Historian John Lewis Gaddis offers a masterclass in the lessons of history and why we should study it, the patterns of success and failure, grand strategy and how to use it, the value of a liberal education, and so much more.
Gaddis is a professor of Military and Naval History at Yale University.
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Here are a few highlights from the conversation:
We are limited in the data we can accumulate because we can only accumulate things that we’ve witnessed. We can only accumulate things that we’ve tested in the laboratory. We can only try to remember what we’ve seen directly. Unless by studying history we can extend our range of vision backwards, and that enormously increases the amount of data that’s available to us.
If your capabilities cannot live up to your aspirations, then it means you have to make some choices. You have to decide which aspirations you can fulfill now, which you have to fulfill later, which may be, you will never be able to fulfill. That requires tough decisions, that requires painful choices.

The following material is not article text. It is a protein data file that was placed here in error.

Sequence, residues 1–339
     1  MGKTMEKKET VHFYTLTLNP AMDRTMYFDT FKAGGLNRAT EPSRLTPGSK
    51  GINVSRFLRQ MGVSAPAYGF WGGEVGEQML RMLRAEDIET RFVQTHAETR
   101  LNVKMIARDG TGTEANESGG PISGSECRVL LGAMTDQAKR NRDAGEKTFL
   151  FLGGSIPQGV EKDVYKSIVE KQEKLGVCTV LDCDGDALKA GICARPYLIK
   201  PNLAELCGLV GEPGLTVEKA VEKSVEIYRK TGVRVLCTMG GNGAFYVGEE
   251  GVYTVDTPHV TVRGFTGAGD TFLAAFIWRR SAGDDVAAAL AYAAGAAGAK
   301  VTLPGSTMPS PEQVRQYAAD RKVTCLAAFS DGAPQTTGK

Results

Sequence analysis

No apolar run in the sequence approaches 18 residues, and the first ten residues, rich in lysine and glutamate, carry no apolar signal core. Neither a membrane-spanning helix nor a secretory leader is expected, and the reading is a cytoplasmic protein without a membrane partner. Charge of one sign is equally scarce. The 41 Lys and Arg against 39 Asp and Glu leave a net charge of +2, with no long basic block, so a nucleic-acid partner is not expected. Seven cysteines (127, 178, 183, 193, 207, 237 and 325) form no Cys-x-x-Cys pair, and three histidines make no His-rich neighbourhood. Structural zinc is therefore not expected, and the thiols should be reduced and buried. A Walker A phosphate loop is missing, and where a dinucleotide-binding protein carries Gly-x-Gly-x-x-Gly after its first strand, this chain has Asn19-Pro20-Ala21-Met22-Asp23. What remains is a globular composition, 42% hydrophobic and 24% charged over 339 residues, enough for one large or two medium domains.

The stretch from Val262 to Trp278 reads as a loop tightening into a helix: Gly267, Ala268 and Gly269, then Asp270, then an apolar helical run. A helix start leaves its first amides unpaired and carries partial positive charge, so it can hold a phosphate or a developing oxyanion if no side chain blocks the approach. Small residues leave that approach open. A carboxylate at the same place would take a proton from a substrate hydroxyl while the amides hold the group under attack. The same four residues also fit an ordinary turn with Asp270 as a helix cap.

Everybody should read some Shakespeare. Not that Shakespeare considered himself to be a strategist, but Shakespeare was so profound, and perceptive, and shrewd, a delineator of human character that everybody should know those characters. They will haunt you. And any number of very distinguished people have been haunted by Shakespearian ghosts and I think that’s no bad thing. There are a lot of ghosts in Shakespeare. There ought to be ghosts in modern people’s consciousness as well, as inspirations, as sources of admonition, as just about everything in between.
If you have a wow, wherever it is, across time and space and culture, if you have something that causes you just to say, wow, and there’s a moment of silence before you start cheering, then I think you have something that’s extra important.